Bolton Octagon at the Venue Bar.
25 April 2018.
Bolton Octagon’s annual REVEAL Festival promises “original and exciting theatre” although it also offers the additional bonus of seeing performances in non-theatre venues across Bolton. So far I’ve perched on a bar stool to watch a performance in a pub and sat on a row of grand carved wooden benches within the town hall. I wasn’t planning to write reviews about either of the shows I saw but both When We Were Brothers and Trial impressed with good quality writing and strong performances, so here are some brief thoughts.
When We Were Brothers from Bradford-based Freedom Studios explores masculinity and friendship through the eyes of Danny and Tommo. They’re two lads, who forge a bond in childhood that endures into adult life and more tricky times. Ben Tagoe’s script is compact, focused and meaty. It effortlessly charts two friends having a laugh and getting into scrapes as they grow up before our eyes – evolving from children, through adolescence and then on to the world of work and partners. The story-telling and dialogue are perfectly judged, and Tagoe’s words are served well by the show’s three actors. Levi Payne’s shy, thoughtful Danny is taken under the wing of Philip D McQuillan’s cocky mini ‘hard man’ Tommo. Their performances artfully capture the developing nature of their relationship but also their diverging directions of travel. Payne’s Danny grows in confidence as his quiet studies pay off, while McQuillan’s Tommo finds himself increasingly stuck.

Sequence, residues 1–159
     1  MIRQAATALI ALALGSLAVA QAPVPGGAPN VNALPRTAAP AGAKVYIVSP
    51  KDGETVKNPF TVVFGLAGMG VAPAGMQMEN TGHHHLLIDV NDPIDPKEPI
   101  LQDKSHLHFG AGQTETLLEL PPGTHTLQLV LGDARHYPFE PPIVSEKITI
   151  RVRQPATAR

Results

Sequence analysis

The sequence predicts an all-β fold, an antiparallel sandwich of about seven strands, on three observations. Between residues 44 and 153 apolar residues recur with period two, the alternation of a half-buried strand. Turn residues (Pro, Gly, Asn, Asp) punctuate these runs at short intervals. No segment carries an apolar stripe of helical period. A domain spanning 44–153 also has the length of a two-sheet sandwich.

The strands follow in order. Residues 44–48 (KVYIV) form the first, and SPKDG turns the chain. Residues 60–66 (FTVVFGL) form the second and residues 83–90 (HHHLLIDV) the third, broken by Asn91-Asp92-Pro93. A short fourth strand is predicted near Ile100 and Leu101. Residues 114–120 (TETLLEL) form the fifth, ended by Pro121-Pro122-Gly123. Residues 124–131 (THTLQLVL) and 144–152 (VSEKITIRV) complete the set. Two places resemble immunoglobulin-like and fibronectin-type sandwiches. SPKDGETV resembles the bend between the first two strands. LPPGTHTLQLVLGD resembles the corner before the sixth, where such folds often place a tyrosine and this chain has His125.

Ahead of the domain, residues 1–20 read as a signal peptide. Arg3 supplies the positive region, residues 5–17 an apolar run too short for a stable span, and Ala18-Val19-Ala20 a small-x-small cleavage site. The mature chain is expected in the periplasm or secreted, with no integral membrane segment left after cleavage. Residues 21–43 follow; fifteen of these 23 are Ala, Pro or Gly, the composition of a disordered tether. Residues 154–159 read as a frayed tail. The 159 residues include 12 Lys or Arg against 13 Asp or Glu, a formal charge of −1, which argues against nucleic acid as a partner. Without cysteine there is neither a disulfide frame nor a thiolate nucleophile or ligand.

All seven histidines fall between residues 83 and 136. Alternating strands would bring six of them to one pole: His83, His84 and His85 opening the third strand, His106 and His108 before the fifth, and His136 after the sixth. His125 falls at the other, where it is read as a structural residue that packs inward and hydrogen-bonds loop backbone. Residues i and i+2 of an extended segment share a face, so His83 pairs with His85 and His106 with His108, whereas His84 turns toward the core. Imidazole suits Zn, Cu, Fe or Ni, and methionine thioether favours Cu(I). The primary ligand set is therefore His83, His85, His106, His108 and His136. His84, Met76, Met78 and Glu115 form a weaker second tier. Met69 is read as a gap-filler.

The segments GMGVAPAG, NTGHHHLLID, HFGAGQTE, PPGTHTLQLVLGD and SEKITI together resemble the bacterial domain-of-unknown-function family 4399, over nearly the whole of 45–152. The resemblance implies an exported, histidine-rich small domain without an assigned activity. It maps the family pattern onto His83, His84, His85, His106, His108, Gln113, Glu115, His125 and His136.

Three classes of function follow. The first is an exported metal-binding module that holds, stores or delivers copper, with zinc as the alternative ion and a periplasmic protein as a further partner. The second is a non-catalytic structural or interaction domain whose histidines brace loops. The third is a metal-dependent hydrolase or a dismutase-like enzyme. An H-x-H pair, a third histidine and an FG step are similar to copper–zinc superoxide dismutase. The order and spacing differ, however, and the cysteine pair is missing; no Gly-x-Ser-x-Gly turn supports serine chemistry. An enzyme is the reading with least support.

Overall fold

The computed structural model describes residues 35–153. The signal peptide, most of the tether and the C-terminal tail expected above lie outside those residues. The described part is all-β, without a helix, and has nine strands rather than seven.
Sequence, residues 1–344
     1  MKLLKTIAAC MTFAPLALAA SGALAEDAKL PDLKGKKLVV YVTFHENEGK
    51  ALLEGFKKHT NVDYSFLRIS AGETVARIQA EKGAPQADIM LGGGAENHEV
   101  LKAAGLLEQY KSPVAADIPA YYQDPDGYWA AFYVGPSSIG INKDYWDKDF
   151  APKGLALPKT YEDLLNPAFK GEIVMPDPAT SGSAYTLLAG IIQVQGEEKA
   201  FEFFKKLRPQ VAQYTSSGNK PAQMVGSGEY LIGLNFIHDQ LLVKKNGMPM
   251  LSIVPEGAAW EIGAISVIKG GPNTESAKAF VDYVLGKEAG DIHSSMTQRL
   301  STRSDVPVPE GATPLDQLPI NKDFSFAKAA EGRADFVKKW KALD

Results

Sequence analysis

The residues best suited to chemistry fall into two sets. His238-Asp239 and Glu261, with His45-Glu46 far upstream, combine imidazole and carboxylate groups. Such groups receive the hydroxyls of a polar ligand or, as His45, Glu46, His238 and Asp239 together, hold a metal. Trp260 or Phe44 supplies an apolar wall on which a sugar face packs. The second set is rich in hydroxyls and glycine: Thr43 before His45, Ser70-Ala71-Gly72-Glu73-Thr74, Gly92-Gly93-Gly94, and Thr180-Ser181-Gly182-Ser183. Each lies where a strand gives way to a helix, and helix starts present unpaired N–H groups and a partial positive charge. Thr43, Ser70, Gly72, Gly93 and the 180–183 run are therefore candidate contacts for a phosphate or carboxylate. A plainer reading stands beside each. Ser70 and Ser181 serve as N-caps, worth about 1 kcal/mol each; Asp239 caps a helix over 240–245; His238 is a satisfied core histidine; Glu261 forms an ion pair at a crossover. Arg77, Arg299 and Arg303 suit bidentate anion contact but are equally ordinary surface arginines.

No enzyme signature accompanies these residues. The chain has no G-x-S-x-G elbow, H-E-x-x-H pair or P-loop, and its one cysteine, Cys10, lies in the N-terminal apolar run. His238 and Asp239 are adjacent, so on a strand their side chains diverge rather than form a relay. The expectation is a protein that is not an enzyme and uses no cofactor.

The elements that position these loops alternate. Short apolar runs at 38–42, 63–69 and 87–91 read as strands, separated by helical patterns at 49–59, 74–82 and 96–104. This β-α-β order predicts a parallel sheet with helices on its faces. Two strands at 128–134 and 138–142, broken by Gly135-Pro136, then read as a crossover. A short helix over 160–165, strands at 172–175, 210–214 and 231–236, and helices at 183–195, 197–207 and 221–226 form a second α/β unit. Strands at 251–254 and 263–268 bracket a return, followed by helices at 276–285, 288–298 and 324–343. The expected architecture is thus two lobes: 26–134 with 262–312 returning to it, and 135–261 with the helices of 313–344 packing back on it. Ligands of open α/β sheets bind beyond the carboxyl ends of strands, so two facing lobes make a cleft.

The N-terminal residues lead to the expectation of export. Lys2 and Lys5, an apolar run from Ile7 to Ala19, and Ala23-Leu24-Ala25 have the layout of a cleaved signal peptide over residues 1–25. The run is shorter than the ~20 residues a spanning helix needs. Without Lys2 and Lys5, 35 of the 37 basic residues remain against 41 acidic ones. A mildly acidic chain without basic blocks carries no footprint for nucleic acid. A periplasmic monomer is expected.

Vanessa Pound as Tommo’s mother Julie acts a central anchor, an observer, often reflecting back and setting the scene. Her plain speaking character also serves to demonstrate, how in comparison to the men who inhabit her life, she is much more able to talk about concerns, hopes and feelings.
Tagoe’s script covers a lot of ground in a short time, reflecting on what it means to be a man, racial discrimination, male violence, social mobility and mental health. Yet it is also rich with insightful detail. The loving single mum who desperately longs for her son to be happy for his sake, but also so she can let go and finally have her own life. A working class lad made good confronted by the privately schooled confidence and monied entitlement of his fellow university students. An ecstacy-fuelled moment of intimacy where Tommo struggles to find the words to reciprocate Danny’s declaration of brotherly love.
The play’s main setting within a pub, makes a bar seem a fitting venue in which to perform it. Yet it is also apt for other reasons. Although pubs are no longer the exclusive preserve of men, they remain one of the few places where they come together as friends to relax. Over a drink, they may joke and banter, but in that environment, how likely are they talk of feelings and worries? Where’s their space to do that?
There’s no frills to the production, Aisha Khan’s direction keeps things deliberately unfussy. Within the intimate space, the glare of the one big spotlight sometimes seems deliberately intense. There’s a rare authenticity to the dialogue and performances. Beneath its easy-going warmth and humour, When We Were Brothers is deceptively subtle and deeply moving.
You can read my thoughts on Monkeywood Theatre’s Trial here.